Every year the New York Times Magazine publishes essays on notable people who died during the year. Of the 44 people profiled for 2015, two were nurses. The first, Kathryn Barnard, discovered her passion for early childhood development when she was assigned as a student nurse in the early 1960s to a 10-month old baby whose mother couldn’t stay with him in the hospital. For 12-hours a day, she held and rocked the sick child, acting as a surrogate mother. This experience was instrumental in shaping her future. Later, along with engineers from the University of Washington, she would design a rocking incubator for neonates that mimicked the womb, complete with a continuous recording of a heartbeat. The article points out that although the incubator was never adopted for widespread use, rocking chairs based on her research are standard in neonatal units today. She theorized that babies communicate through touch and devoted much of her research to investigating how nurses can encourage touch and ultimately bonding between mother and child, particularly when the mother is depressed or distracted by the realities of poverty.
The second is Belgian nurse Augusta Chiwy, most likely not a readily recognized name to many. In December of 1941, a surgeon named Dr. Jack Prior, desperate for nurses to assist in the field hospital, and hearing there was a nurse in this home, pounded on her front door. He begged her to volunteer her services and expertise; German bombs were falling, resulting in numerous casualties. Dr. Prior knew she was Black, and he reasoned that, as a volunteer, she wouldn’t be bound to the United States Army rules that prohibited Black nurses from treating White soldiers. Luckily for the soldiers, the 23-year-old, home on a short vacation from her job as a general nurse, agreed to follow him to the field hospital where she worked at his side, heroically treating soldiers with horrific injuries until a 500-pound bomb was dropped on the hospital. The only other nurse was killed, and was hailed a hero. It would be many years before Augusta Chiwy’s contribution was recognized. She continued on at a nearby makeshift hospital that housed 600 wounded soldiers. Some soldiers from the Deep South resented being cared for by a Black nurse. Dr. Prior, ever grateful and loyal to Chiwy told them they could accept her care or be left to die. The trauma of war left Chiwy with what would likely be diagnosed today as post-traumatic stress disorder. She was unable to speak for two years after seeing a soldier killed by a land mine and she didn’t return to nursing for 20 years. Fortunately historian Martin King heard of her heroic service and set about finding her. After tracking her down in a Belgian nursing home, he was able to interview her multiple times in her later years. Thanks to King she will be remembered for the brave contribution to the allied forces.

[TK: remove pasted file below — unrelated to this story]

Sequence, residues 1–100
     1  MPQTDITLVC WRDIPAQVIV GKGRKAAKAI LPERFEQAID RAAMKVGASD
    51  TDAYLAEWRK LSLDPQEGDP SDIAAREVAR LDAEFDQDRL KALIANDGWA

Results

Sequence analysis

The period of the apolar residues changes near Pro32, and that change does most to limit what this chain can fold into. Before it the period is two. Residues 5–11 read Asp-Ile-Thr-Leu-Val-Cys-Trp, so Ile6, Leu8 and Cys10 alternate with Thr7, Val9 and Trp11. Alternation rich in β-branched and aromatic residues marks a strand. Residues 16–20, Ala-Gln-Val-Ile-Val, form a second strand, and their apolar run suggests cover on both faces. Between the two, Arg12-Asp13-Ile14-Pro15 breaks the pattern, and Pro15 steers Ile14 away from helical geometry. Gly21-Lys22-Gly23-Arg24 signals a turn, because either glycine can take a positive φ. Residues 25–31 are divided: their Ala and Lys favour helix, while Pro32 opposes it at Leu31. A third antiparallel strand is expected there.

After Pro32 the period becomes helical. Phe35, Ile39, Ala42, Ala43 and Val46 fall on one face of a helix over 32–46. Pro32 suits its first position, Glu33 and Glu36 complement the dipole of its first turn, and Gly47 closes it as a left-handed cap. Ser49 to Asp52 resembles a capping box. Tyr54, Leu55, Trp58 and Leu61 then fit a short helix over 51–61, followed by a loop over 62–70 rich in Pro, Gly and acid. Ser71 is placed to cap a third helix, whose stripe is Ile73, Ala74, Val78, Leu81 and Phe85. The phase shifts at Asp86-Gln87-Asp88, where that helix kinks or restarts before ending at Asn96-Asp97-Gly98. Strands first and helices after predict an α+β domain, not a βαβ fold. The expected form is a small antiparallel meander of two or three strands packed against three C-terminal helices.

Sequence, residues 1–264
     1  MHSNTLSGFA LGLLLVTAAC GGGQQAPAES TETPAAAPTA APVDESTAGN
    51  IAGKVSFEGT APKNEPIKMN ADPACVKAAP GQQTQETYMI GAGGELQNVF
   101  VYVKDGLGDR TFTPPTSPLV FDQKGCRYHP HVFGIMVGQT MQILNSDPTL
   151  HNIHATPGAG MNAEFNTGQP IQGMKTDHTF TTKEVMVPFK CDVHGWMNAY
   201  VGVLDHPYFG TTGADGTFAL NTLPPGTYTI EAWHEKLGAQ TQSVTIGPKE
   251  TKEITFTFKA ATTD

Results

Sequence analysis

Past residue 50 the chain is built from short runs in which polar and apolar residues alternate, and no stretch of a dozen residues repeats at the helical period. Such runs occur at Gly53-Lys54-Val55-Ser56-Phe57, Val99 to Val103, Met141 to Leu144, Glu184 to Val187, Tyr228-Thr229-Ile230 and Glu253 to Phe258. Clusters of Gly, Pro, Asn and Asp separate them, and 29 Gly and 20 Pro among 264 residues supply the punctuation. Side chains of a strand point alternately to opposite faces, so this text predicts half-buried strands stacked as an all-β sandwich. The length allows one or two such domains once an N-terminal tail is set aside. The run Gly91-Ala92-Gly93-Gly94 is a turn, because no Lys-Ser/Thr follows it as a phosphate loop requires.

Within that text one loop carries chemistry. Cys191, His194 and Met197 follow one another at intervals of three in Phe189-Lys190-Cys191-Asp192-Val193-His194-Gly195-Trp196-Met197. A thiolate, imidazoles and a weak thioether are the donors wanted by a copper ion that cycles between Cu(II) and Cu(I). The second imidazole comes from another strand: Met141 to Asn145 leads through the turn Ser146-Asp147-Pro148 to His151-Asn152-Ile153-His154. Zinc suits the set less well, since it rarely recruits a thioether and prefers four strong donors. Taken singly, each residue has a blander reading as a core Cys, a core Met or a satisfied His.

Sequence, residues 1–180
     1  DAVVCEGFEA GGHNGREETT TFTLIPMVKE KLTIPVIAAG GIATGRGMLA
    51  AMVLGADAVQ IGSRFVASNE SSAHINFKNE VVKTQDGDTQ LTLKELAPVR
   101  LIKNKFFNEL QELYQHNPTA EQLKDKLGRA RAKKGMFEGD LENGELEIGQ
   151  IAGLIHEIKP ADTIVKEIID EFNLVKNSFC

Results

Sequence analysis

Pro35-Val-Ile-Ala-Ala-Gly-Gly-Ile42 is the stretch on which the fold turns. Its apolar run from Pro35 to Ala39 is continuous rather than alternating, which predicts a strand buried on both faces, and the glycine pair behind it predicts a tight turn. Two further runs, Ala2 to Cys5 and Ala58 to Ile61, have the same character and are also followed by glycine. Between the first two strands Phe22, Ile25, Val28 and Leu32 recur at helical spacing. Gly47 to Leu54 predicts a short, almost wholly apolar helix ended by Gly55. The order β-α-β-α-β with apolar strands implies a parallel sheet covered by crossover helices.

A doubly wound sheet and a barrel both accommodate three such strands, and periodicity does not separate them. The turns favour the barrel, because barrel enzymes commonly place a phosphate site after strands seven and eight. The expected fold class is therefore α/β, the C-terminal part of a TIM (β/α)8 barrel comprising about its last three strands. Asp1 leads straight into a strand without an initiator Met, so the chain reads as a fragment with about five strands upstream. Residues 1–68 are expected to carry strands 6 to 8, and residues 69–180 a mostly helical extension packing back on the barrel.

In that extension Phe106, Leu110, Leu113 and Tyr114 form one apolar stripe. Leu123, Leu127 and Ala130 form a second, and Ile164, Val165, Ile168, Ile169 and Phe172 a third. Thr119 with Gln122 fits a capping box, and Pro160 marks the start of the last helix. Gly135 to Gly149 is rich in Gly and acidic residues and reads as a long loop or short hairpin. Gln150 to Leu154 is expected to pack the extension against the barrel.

As always, this issue brings you articles to inform your practice. Dr. Pickering and colleagues wrote an article on best practices from identifying elder abuse and neglect in the home. As our population ages, home healthcare clinicians will be increasingly called upon to recognize and intervene in such cases. Dr. Boerner and colleagues wrote an excellent article on the experiences of home health aids when a patient dies. As the home care staff most likely to spend prolonged periods of time with patients, it stands to reason that home health aids experience grief with the passing of long-term patients. The authors explore the role of employer policies in providing support during this difficult time. Dr. Heather Hamilton explored the lived experience of African American caregivers of patients with heart failure. Her study informs the delivery of culturally competent support to caregivers that serves to improve quality of life for both the heart failure patients and their caregivers. The article by Fowler and colleagues describes a project that used a unique website to connect caregivers of people with dementia in a geographic region with an interprofessional group of health providers and caregiver peers. This innovative project can be easily replicated by other home care agencies. Finally, an article by Ishikuro and team describes a study that sought to determine the level of knowledge about home blood pressure monitoring among Japanese nurses. While it was conducted in Japan, there are obvious implications for nurses and other home healthcare staff in North America.
All this and our usual departments to keep you up to date on the latest in home healthcare practice. Be sure to read the Commentary this month by Marilyn Harris. Based on communication between Marilyn and myself, she asks you the reader, about your professional name and title, a topic of interest to both of us.
Maureen Anthony, PhD, RN
New York Times Magazine (December 28, 2015). The Lives They Lived 2015